• Posted July 10, 2018 at 4:03 pm | Permalink

            And pointing out those inconsistencies (not browbeating) will get us closer to b. It’s what got me off meat.

            I wasn’t comparing meat eating with slave owning. I was simply pointing out the flaw in the argument that because something is legal makes it morally more palatable.

            • Randall Schenck
              Posted July 10, 2018 at 4:56 pm | Permalink

              And I must interject here, you were comparing apples and oranges. The legality of an act verses owning people…really. It is legal to drive my car but not own slaves.

              • Posted July 10, 2018 at 5:32 pm | Permalink

                There’s a moral component. Cars are inanimate objects. Animals are not. Change ‘animals’ to ‘slaves’ in your first post and maybe you’ll see what I mean. You can see someone making that argument to justify slavery. Owning slaves used to be legal, but there were laws against their ‘mistreatment’.

                Again, I’m not saying they are morally equivalent, only you can see how easily these moral dimensions can be rationalized.

              • mikeyc
                Posted July 10, 2018 at 6:05 pm | Permalink

                Let me ask you this, Tulis and Saul; in your estimation is it ever “moral” to raise or hunt animals for food? If so and it is possible to be a “moral” meat eater, why should society become “b” in Saul’s dichotomy?

              • Saul Sorrell-Till
                Posted July 11, 2018 at 7:10 am | Permalink

                In response to Mikeyc:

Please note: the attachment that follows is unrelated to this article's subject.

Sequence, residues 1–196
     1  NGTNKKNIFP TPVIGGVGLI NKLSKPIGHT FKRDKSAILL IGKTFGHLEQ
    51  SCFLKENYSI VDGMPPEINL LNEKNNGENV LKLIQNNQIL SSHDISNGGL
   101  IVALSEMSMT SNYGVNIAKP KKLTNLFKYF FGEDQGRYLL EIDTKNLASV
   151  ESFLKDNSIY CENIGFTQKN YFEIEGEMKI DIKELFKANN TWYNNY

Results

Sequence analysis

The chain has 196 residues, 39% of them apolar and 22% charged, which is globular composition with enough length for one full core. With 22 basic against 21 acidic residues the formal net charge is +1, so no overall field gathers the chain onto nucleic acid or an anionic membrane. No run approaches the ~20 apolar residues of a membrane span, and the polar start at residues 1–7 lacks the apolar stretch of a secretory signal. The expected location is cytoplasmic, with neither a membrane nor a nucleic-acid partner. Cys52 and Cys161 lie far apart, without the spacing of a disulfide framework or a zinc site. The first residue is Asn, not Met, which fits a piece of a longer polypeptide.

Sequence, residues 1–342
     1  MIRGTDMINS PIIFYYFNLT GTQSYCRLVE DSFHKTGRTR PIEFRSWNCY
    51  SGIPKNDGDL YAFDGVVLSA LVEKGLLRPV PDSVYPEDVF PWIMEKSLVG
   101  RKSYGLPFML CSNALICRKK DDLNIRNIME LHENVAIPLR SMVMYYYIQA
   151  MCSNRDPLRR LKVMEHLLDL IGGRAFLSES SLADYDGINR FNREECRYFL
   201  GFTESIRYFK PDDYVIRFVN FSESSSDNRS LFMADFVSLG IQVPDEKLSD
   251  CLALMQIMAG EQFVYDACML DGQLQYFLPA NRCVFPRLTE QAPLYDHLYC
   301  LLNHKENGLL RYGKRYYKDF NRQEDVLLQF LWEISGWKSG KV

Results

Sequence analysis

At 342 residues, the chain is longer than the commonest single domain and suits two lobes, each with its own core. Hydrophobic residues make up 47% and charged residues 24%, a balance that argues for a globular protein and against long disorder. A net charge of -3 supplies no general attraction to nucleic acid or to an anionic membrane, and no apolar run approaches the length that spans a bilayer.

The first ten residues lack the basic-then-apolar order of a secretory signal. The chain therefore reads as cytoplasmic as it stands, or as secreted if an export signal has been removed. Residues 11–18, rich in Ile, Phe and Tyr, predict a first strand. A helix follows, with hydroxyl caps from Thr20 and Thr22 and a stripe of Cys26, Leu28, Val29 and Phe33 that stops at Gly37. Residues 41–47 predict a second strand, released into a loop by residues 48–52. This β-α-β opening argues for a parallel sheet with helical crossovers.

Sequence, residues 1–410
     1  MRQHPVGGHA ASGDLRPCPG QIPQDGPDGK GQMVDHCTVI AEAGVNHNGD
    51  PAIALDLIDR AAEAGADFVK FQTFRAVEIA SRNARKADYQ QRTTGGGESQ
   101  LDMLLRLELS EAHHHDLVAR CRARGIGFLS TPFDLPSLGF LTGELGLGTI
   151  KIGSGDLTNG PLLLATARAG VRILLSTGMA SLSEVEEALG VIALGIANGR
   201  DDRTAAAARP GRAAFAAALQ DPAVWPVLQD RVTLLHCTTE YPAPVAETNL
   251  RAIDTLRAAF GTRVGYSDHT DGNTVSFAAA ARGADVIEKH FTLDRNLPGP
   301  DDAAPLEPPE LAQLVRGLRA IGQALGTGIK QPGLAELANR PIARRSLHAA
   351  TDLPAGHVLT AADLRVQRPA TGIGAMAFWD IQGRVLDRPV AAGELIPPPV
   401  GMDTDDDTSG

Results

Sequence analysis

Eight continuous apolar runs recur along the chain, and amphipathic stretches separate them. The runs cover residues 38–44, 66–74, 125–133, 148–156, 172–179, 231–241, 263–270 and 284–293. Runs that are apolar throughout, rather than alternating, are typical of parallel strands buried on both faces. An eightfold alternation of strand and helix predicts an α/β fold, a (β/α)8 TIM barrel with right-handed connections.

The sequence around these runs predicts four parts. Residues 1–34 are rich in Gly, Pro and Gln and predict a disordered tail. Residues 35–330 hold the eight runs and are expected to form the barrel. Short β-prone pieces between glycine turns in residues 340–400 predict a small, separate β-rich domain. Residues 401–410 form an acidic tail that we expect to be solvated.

Is it ever moral? Yes, clearly. It’s been a moral _necessity_ in the past to hunt for food.

                But scenario b. was a future society, in which meat can be grown from animal cells. We wouldn’t have to kill a single animal(besides the original source for those cells) in order to eat our meat. Once the technology for that is available I can’t see any possible moral justification for killing animals for food(never mind hunting them).

              • Posted July 11, 2018 at 10:22 am | Permalink

                That day can’t come soon enough. Hunting would no longer be justifiable even if the the hunter promises to eat everything they kill.

            • Deni Pisani
              Posted July 11, 2018 at 3:08 am | Permalink

              Just reading all your comments on this topic.
              Are you getting frustrated that you are being misunderstood at every turn?
              I’m getting frustrated on your behalf!
              I sometimes think that for topics like this, some people have a passionate response which inures them from any balanced reading of other comments, seeing the enemy everywhere.
              Oh well, think I’ll switch back to decaf…

            • Saul Sorrell-Till
              Posted July 11, 2018 at 7:00 am | Permalink